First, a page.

Sudan falters after unrest

The Associated Press

NAIROBI, Kenya — A U.N. humanitarian report and aid workers caught in the crossfire reported on Wednesday an increase in violence in a new front near the already tense internal border between north and south Sudan, with dozens of people reported killed in attacks.

The violence in South Kordofan has killed at least 25 people, a U.N. humanitarian report said, though it said local sources indicated that up to 64 people had been killed. The north also bombed an airstrip, preventing the movement of food aid and humanitarian workers.

The increased violence comes less than a month before Southern Sudan will declare independence from the north on July 9, the culmination of a 2005 peace deal that ended more than two decades of civil war that killed some 2 million people.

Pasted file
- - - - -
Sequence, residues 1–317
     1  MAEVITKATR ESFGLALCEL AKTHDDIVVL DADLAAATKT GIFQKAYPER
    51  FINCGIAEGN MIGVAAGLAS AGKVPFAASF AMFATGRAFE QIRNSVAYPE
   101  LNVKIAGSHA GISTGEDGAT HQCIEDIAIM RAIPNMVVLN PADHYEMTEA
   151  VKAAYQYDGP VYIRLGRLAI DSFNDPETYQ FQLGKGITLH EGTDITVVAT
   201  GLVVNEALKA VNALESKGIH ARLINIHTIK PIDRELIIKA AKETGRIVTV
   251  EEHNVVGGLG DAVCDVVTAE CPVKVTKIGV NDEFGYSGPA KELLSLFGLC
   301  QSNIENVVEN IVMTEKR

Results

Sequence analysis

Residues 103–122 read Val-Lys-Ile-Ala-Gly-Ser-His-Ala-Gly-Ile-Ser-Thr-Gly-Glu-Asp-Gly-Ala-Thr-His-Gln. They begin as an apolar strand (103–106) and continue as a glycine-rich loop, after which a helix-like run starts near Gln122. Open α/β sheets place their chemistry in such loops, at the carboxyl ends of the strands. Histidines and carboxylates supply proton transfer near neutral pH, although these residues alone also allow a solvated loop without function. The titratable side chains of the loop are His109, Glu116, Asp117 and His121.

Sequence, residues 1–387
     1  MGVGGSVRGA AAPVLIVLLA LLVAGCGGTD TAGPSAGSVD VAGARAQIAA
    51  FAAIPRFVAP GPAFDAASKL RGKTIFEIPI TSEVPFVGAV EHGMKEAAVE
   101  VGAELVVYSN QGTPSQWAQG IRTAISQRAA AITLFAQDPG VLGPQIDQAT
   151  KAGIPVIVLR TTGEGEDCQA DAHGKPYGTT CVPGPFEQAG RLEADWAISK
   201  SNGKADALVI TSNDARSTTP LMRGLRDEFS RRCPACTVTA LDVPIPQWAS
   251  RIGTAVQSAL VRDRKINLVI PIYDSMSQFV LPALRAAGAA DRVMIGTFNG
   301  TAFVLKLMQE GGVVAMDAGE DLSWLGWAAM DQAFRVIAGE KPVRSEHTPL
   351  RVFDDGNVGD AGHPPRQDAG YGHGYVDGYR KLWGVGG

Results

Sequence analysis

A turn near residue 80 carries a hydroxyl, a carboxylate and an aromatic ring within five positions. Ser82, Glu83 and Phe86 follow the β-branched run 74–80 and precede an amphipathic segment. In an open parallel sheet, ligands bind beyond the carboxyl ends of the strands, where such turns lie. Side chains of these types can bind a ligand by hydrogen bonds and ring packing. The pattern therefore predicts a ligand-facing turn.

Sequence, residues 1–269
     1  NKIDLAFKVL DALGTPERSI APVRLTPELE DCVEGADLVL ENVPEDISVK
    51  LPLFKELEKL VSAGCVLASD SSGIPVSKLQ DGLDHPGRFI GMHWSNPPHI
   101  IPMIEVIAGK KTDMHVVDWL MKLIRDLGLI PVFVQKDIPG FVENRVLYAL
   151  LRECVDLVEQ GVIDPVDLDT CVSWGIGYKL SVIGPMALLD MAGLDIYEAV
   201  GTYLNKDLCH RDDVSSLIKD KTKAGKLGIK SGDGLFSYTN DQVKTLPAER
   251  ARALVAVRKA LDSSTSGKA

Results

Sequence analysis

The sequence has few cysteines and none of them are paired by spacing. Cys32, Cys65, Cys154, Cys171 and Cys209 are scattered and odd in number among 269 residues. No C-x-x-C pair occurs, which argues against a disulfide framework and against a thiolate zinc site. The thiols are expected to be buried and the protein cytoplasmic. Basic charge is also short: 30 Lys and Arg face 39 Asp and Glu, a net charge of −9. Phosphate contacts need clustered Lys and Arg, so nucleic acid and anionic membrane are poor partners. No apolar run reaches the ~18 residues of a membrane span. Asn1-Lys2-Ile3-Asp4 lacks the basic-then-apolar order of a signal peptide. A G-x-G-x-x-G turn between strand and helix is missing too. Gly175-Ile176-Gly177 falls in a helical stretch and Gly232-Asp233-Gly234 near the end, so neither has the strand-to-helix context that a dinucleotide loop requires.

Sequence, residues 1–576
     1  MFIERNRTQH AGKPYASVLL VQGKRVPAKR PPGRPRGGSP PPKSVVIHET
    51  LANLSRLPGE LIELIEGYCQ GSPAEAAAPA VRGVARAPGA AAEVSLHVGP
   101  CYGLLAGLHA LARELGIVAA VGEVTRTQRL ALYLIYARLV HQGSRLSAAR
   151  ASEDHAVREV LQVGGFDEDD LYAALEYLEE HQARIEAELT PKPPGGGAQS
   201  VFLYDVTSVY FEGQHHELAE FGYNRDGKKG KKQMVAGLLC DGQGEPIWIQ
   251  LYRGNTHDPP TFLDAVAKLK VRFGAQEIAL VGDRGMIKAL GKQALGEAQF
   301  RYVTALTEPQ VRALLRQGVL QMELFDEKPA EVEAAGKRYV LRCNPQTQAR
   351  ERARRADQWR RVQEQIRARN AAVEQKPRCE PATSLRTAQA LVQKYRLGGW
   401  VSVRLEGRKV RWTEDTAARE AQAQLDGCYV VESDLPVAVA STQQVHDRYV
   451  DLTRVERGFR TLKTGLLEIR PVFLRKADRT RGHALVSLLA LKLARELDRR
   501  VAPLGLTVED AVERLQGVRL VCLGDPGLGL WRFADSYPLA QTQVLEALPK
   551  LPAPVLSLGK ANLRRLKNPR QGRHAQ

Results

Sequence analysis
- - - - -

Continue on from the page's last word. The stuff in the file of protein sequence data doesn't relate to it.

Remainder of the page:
But the sudden outbreak in violence on multiple fronts has greatly increased fears of renewed war, with some aid workers in the south indicating the northern government of Khartoum may be moving toward wider conflict.

Deng Alor Kuol, the minister for regional cooperation for Southern Sudan, said the African Union talks are focusing on empowering an Ethiopian peacekeeping mission for Abyei.

A cease-fire in South Kordofan seems far away. Deng said there are political issues to be addressed first with Abdul Aziz Al Hilu, the leading pro-southern political figure in South Kordofan, before any agreement that would be “effective” and accepted on the ground.